Groove Music: The Art and Culture of the Hip-Hop DJ

By Mark Katz | Go to book overview

NOTES

INTRODUCTION

1. This story was told to me by GrandWizzard Theodore. GrandWizzard Theodore, interview with the author, Chapel Hill, NC, 25 October 2007.1 use the term hip-hop in this book to refer to the broad cultural movement comprising the four “elements” of DJing, MCing (rapping), b-boying and b-girling (called breakdancing by outsiders, but not practitioners), and graffiti art. Often “hip-hop” is used to mean rap, or rap + DJing. For the sake of clarity I avoid this kind of usage, though I sometimes speak of “hip-hop music,” by which I mean the combination of the DJ’s beats and the MC’s rhymes. In general, my discussion of hip-hop in this book is limited to DJing, MCing, b-boying and b-girling. Although graffiti is an important part of hip-hop culture, it is not as directly connected to the art of the DJ as are the other two elements, and will come up only occasionally.

2. According to the Oxford English Dictionary, the term was first used in its modern sense by journalist Walter Winchell in a 1941 issue of Variety. Oxford English Dictionary, 3rd ed., s.v. “disc.” For more on the origins of the disc jockey, see Marc Fisher, Something in the Air: Radio, Rock, and the Revolution That Shaped a Generation (New York: Random House, 2007). See also Bill Brewster and Frank Broughton, Last Night a DJ Saved My Life: The History of the Disc Jockey, rev. ed. (London: Headline, 2006).

3. Oxford English Dictionary, 3rd ed., s.v. “disc.”

4. “Radio: Thank You, Mr. Husing,” Time Magazine, 11 November 1946, online at www.time.com/time/magazine/article/0,9171,854234-2,00.html. The article reports that the well-known radio announcer, Edward Britt “Ted” Husing, was taking a position as a DJ at the New York station WHN. The unnamed author notes that “Ten years ago he [Husing] would not have sat at the same bar with a disc-jockey,” and quotes from Husing’s 1935 autobiography in which Husing proudly explains, “We never played phonographs into our mikes, but always gave the public genuine acts.”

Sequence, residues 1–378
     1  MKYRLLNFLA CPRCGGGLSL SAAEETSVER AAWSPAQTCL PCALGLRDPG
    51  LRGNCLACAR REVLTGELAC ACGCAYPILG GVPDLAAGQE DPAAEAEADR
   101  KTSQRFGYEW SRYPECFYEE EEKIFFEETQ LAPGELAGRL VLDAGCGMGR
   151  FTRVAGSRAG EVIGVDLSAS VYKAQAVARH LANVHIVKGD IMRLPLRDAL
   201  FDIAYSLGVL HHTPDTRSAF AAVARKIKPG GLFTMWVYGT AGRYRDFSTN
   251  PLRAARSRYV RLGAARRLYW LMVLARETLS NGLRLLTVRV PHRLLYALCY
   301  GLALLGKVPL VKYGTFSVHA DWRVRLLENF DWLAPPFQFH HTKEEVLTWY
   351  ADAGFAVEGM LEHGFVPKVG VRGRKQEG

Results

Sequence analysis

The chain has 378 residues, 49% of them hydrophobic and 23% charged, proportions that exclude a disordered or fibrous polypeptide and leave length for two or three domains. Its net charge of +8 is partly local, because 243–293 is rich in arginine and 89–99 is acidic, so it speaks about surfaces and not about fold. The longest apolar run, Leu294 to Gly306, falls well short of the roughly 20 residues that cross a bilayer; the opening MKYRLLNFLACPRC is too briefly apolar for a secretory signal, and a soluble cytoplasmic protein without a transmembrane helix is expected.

5. Some radio DJs and producers also mix and scratch, and on those occasions they can be considered performative DJs. For more on hip-hop radio DJs, and in particular the pioneers Mr. Magic, Kool DJ Red Alert, Funkmaster Flex,

-265-

Notes for this page

Add a new note
If you are trying to select text to create highlights or citations, remember that you must now click or tap on the first word, and then click or tap on the last word.
One moment ...
Default project is now your active project.
Project items

Items saved from this book

This book has been saved
Highlights (0)
Some of your highlights are legacy items.

Highlights saved before July 30, 2012 will not be displayed on their respective source pages.

You can easily re-create the highlights by opening the book page or article, selecting the text, and clicking “Highlight.”

Citations (0)
Some of your citations are legacy items.

Any citation created before July 30, 2012 will labeled as a “Cited page.” New citations will be saved as cited passages, pages or articles.

We also added the ability to view new citations from your projects or the book or article where you created them.